Quantum of Alice (and Bob)
Théau Peronnin is explaining why he was so keen for his Paris-based quantum computing startup Alice&Bob not to contain the word ‘quantum’ in it.
Over the years, reasons the physicist and CEO, the word has been hijacked by fiction to come to mean the magical and the fantastical where reality defies the laws of mechanical physics.
But what Peronnin and his 40-strong team are building – and what they’ve just secured a Series A funding round of €27m for, is a marketable quantum computer with real world applications.
“There’s nothing magical about it – quantum physics is the most accurate representation of nature, without any magic in it and building a quantum computer is a well-defined challenge that requires an eloquent solution,” he says.
Hence Alice&Bob – a reference to two characters used in physics and cryptography theory (instead of A & B) – and a name which is proudly more physics textbook than quantum fiction.
And as the market moves from fantasy to theory to reality, there is real money pouring into quantum computing. A report by Global Markets Insights estimates that the market is set to surpass $5bn by 2028.
International Data Corporation meanwhile projects global customer spend for quantum computing will grow from $412 million in 2020 to $8.6 billion in 2027- a compound annual growth rate of 50%.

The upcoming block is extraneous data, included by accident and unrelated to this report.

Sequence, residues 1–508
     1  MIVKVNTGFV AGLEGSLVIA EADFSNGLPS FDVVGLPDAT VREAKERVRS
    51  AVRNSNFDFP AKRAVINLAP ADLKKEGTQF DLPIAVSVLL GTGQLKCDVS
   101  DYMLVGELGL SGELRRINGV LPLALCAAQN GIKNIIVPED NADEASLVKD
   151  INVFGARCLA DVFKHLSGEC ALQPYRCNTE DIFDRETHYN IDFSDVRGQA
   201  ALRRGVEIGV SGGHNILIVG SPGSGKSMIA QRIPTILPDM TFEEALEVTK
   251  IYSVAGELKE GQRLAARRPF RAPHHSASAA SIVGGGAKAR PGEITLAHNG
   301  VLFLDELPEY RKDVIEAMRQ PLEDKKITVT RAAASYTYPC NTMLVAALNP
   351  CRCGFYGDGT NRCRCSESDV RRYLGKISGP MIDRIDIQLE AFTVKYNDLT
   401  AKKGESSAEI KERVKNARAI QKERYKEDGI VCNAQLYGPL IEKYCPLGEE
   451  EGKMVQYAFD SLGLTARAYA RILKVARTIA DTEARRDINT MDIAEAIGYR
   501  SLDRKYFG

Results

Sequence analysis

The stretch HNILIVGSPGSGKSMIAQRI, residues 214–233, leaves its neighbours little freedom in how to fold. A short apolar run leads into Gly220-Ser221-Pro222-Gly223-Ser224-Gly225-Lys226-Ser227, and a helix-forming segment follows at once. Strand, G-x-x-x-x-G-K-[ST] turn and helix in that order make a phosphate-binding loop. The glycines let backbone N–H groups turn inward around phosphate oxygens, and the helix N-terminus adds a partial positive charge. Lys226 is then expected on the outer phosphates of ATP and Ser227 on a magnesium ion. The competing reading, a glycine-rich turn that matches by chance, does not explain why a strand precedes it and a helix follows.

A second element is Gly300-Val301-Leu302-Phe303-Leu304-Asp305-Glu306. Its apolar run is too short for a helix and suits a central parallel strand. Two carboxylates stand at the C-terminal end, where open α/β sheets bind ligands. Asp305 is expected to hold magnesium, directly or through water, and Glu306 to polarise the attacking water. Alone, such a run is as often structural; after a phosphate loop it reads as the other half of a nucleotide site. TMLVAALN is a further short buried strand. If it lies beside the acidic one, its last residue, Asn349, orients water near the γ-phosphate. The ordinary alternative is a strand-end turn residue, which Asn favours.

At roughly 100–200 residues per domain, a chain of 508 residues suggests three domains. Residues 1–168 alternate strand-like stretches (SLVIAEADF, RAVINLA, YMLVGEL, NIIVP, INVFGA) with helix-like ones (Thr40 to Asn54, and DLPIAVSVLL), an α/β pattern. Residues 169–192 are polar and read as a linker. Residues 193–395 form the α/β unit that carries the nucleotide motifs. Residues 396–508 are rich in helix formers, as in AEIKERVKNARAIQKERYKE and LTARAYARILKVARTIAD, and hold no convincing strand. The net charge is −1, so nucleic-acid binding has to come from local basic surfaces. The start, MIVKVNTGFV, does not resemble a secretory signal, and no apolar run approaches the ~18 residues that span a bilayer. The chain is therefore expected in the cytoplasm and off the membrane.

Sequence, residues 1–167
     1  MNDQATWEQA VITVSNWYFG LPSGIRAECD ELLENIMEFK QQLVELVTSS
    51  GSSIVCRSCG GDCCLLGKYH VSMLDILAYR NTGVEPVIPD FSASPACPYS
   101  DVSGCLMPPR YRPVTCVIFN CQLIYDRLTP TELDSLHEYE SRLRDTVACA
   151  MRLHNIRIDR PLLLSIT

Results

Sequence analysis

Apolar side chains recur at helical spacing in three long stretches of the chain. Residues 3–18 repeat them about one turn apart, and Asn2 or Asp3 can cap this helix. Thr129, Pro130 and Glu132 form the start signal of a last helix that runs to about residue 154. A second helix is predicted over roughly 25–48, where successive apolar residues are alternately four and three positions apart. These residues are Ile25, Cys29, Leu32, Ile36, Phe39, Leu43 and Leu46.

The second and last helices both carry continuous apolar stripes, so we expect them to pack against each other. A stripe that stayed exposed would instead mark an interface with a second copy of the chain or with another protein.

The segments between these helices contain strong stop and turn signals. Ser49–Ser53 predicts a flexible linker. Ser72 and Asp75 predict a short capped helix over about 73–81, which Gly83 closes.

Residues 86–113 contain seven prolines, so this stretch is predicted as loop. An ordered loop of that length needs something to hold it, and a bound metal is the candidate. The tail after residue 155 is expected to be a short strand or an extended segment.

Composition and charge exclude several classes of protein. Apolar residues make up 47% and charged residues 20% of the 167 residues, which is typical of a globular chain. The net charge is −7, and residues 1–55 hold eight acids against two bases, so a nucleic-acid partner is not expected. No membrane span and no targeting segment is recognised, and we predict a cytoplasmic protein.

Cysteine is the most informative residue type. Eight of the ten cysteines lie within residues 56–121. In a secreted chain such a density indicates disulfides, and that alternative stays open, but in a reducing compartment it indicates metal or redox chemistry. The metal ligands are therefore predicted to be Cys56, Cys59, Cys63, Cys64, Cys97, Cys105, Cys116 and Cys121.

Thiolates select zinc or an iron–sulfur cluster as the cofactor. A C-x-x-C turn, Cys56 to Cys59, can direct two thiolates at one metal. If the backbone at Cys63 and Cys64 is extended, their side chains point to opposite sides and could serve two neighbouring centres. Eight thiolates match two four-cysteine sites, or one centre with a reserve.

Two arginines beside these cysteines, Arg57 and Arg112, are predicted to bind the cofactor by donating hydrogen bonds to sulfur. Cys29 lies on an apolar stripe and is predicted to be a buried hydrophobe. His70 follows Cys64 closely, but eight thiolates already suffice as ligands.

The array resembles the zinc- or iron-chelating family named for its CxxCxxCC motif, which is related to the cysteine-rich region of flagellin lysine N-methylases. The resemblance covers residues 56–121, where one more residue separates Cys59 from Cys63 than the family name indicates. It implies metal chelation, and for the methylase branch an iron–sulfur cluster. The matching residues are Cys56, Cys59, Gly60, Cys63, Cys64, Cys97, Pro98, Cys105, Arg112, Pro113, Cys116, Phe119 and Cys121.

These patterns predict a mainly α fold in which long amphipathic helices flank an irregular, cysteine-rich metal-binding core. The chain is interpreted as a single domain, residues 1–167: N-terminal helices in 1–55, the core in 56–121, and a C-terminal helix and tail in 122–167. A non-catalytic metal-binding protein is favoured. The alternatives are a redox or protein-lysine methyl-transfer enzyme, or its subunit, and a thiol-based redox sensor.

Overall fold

Little wonder then, that global technology giants – including Google, Amazon and IBM – as well as international academia and laboratories around the world – are all racing to build the first commercial quantum computer.
In the latter category – a spin out from a federation of French research labs – is Alice&Bob, founded by Peronnin and fellow quantum physicist Raphaël Lescanne.
Quantum physics is the most accurate representation of nature, without any magic in it
As a start-up, explains Peronnin, it was important to take a “lean and singular and focused vision” by adopting a hardware-efficient approach to quantum computing.
“We’ve picked what we think is the main battle in this race, which is the quantum hardware. We’re building the chip devices that will be at the core of quantum computers,” he adds.
The simple aim is to build a quantum computer that does not make errors. One of the biggest challenges in building a quantum computer is the errors affecting qubits (a qubit, or ‘quantum bit,’ being the quantum version of the classic binary bit).
Companies like IBM are attempting to solve this problem by working on processors with more and more qubits.
Alice&Bob, however, have taken a qualitive approach by designing a superconducting ‘cat qubit’ circuit, which, it claims, is able to reduce the faults in processing thus reducing the number of processors needed to overcome these faults.
Recent work with one research lab, led by the experimental physicist Zaki Leghtas, has shown that these cat qubits resist “bit flips” (that’s the name for one of the two types of faults which appear in quantum computing) for up to several minutes.
While this might not seem long, the company claims that it’s a near “100,000 times improvement on earlier quantum efforts”.
With this recent discovery, Alice&Bob claims it has created “a shortcut to delivering a scalable universal quantum computer”- by reducing the number of qubits required.
News of this breakthrough coincided with a successful $30m fundraising round, with investors including the French VCs Elaia, Bpifrance and Breega as well the disruptive tech fund manager Supernova Invest.